Being a couch potato is not just bad for you, it is also one of the factors that cost the economy. A recent study published by The Lancet shows how dearly it costs to be lazy, both for you and the economy.
There are many connections between laziness and health problems, ranging from heart disease to colon cancer. The study looked at laziness and its influence on both personal health and economics.
It is the premiere estimate of the associated costs of an unhealthy, idle lifestyle. The study observed health care costs, decreases in productivity and the decrease of life expectancy for five dangerous diseases which come with physical inactivity.
Experts have found that type 2 diabetes, coronary heart disease, stroke, breast cancer and colon cancer, have a connection to laziness. In 2013 only, these diseases cost the global economy over 67.5 billion dollars.
One of the researchers believes that lack of physical activity is now seen as a global epidemic, that costs the lives of a lot of people and burdens the economy.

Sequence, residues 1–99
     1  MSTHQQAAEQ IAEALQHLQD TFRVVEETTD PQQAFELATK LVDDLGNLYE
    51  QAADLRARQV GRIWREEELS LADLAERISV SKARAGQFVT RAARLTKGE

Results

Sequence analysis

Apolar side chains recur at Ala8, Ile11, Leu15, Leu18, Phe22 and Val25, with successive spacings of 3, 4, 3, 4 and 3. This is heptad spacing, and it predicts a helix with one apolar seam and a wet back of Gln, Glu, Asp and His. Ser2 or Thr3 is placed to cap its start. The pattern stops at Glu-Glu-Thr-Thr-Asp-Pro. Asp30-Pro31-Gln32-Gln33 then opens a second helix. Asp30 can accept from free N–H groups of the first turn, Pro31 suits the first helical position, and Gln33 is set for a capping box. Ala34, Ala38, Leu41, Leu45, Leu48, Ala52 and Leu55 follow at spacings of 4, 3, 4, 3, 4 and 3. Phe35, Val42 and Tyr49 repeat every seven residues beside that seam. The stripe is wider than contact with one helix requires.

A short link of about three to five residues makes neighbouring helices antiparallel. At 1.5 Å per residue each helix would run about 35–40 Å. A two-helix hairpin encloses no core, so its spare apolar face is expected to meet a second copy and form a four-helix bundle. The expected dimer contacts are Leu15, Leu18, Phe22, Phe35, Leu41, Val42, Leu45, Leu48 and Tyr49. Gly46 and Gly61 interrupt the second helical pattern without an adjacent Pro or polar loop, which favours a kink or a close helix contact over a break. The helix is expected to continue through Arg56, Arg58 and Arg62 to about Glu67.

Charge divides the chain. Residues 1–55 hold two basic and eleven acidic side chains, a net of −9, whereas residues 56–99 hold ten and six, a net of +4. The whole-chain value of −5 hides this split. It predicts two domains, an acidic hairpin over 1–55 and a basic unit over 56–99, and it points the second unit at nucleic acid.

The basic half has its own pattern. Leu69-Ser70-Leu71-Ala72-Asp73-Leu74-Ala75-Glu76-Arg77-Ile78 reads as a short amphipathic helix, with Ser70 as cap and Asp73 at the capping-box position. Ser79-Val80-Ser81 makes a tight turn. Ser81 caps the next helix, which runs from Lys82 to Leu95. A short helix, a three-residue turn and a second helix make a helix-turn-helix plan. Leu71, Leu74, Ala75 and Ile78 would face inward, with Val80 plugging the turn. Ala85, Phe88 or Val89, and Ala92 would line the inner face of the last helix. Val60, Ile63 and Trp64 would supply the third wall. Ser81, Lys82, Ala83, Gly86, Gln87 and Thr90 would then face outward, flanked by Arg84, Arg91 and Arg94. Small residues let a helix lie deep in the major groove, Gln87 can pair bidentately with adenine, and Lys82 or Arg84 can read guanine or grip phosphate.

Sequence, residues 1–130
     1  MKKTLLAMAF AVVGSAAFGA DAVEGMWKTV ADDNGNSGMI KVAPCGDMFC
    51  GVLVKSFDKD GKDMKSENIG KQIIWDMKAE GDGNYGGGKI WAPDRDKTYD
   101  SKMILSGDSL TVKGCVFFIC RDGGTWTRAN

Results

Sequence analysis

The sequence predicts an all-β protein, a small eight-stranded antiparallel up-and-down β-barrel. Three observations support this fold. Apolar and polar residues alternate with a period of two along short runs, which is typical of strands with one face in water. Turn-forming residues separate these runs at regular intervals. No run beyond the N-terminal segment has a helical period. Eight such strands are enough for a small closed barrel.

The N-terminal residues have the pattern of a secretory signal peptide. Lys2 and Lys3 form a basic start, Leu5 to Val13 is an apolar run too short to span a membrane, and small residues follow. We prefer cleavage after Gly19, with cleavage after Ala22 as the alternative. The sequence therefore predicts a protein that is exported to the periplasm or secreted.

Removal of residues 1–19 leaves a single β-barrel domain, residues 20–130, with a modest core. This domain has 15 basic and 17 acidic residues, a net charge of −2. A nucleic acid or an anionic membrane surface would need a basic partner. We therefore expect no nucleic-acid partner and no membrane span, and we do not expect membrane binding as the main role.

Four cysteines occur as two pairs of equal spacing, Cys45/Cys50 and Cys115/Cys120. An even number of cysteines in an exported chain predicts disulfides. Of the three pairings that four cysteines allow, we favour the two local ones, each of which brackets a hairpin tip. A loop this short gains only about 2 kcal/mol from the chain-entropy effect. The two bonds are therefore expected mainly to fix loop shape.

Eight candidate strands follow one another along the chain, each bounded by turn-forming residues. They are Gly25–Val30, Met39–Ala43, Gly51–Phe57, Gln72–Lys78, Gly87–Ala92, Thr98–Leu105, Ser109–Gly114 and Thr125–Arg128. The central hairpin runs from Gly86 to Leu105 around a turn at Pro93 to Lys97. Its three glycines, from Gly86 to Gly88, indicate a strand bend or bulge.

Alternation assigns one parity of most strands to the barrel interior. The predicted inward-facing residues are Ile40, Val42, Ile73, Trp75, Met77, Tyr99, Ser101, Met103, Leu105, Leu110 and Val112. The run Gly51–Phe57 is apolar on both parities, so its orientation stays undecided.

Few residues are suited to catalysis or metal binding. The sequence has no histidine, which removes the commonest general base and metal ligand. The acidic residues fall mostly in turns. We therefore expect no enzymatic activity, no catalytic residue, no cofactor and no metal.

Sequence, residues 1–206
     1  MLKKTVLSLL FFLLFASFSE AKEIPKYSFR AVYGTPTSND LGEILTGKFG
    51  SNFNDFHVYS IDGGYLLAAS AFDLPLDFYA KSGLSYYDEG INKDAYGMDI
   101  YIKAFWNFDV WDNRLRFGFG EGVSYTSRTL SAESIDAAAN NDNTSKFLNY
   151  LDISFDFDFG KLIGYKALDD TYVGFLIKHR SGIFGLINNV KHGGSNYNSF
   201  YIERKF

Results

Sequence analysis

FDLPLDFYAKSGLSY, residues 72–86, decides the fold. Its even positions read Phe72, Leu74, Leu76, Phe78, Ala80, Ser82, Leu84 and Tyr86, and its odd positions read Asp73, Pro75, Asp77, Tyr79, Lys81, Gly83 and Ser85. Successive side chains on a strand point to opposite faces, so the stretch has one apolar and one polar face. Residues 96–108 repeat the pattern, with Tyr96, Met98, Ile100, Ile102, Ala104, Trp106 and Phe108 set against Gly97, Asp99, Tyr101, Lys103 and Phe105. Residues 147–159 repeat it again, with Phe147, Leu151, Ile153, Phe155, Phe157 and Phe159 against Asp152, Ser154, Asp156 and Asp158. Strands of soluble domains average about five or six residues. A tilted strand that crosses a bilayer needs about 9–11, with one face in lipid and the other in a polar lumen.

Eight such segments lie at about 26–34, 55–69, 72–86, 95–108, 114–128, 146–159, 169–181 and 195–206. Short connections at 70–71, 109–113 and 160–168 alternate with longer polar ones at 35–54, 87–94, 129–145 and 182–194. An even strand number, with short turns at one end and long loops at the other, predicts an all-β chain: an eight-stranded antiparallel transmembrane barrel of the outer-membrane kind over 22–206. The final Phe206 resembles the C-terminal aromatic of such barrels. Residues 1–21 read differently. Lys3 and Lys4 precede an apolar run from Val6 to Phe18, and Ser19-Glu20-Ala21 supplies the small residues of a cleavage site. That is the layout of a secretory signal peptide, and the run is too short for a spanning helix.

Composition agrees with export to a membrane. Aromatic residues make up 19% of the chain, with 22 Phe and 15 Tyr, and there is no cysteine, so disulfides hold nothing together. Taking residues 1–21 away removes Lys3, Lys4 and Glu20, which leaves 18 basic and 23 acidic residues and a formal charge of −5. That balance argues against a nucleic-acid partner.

Sitting around all day turns out to be as dangerous for health as eating too much, drinking, or smoking. In the US alone, healthcare costs of physical inactivity amount up to 27.8 billion dollars per year.
The lack of physical activity doesn’t just mean looking bad in those tight jeans. It is a huge risk factor of death, across the world.
An inactive lifestyle leads to 5 million deaths a year, almost as bad as smoking, which now takes the lives of 6 million people yearly, according to data from the World Health Organization.
Sitting down at work, in front of the computer or TV screen for eight hours a day, increases your risk for several types of cancer, diabetes and heart disease. But it’s not all bad news. Just one hour of working out per day reduces those chances of death and the associated costs significantly.
The research, based on 2013 data, found twenty-two health conditions linked to inactivity, The World Health Organization points out the need for 150 minutes of moderate physical activity every week, for adults. Just twenty-five percent of people of adult age around the world get the necessary amount of physical exercise.
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